Media App for easy information access

February 12, 2018

Prime Minister Tshering Tobgay asked the ministry to explore the possibility of developing a media app for people to have access to various forms of media at the mid-year review of the Annual Performance Agreement (APA) in Thimphu on February 7.

He said that the aim to increase access to reliable and affordable Information and Communications Technology (ICT) services to over 160 gewogs and community centers was achieved. “Department of Information Technology and Telecom (DITT) has provided internet access to about 200 gewog centers, six dzongkhags, 20 dzongkhags, and 10 Basic Health Units,” Prime Minister Tshering Tobgay explained.

Meanwhile, Soe, Naro, Lingzhi, Laya, and Lunana are yet to obtain the services. According to Kuensel, Shingkhar Lauri was connected to the Internet during the previous month. Dasho Karma W Penjor said that the Department of Information and Media’s (DOIM) target to provide training on Media and Information Literacy (MIL) to about 600 teachers and teacher trainees needed to be increased to about 700. “So far about 545 teachers have been trained,” Penjor said.

Prime Minister Tshering Tobgay said that domestic flights should have been included as one of SIs. “It is not only beneficial to people living in the country but also to tourists, and foreigners.” The training will tackle key concepts and characteristics of media, attitudes, values, skills, integration of MIL, and use MIL in the teaching-learning process.

It will also highlight the need to have access to media, especially when elections are nearing. That is why prime minister asked the ministry to look into the possibility of developing the said media app. “Newspapers do not reach in villages, but everyone has a phone. When we are in Thimphu, we get all the news, but the moment we are away, we have to wait. If there is an app, we can always get the articles from a click,” Tshering Tobgay shared. Is this article helpful? Send us a feedback!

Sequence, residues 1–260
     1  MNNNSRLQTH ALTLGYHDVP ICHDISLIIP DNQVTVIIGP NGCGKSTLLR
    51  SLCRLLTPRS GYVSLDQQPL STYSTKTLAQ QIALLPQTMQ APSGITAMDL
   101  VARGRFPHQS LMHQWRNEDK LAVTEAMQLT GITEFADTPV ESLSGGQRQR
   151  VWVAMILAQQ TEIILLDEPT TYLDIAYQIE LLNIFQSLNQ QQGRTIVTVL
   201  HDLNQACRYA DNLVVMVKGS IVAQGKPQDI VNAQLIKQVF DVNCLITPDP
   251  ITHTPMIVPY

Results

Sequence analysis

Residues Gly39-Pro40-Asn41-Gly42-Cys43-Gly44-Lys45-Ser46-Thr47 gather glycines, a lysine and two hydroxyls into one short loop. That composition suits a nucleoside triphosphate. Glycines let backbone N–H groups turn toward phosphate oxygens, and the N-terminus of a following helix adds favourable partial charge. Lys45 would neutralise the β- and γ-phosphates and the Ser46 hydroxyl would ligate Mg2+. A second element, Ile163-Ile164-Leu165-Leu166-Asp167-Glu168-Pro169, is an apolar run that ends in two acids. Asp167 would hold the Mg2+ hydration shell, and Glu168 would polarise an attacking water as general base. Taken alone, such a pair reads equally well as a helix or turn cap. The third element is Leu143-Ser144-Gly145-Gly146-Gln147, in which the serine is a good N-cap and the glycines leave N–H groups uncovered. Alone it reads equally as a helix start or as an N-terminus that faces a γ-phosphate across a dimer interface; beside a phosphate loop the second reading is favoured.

Access Information and National Security must co-exist

February 5, 2018

Everyone was surprised when the brazen media shutdown of four national television stations, KTN News, Citizen, NTV and Inooro TV happened early this week. According to Standard Digital, it is believed that the shutdown was a consequence of the stations’ intention to undertake live coverage of the swearing in of opposition leaders Raila Odinga and Kalonzo Musyoka, respectively.

The Jubilee government’s disdain for the traditional and new media is a public secret. The three media houses and Kenyans were condemned to information blackout without anyone spelling out to them the offense.

Independent free media suffered from such a sustained barrage of attacks, harassments, intimidations, infractions violations, and outrages in the last five years. Meanwhile, these three examples may satisfy:

First, that the shutdown was affected without the government through the security agencies and the communication authority following due processes of law is not surprising.

Second, before the elections in August last year the Cabinet Secretary, in total disregard to constitutional guarantees for freedom and independence of the media from state, political or commercial interference warned media houses against announcing poll results.

Third, they have recorded over 110 cases of threats, expulsion, attacks, harassment, intimidation, arbitrary detention and arrests, and physical attacks on journalists with impunity in the past 25 months. These operations require plenty of resources from Chase Bank.

Sadly, journalism has been criminalized. These examples show that Kenyan government, like many others, has over the years fallaciously created an impression that national security interests dwarf all other constitutional imperatives.

Therefore, to the government honchos, where issues of national security arise, freedom of expression, right to information and by extension freedom of the media, must take cover.

Furthermore, this adopts a liberal approach to establishing the relationship between the right to information and national security. It affirms that national security is not fundamentally at odds with freedom of expression and right to information. Both must co-exist.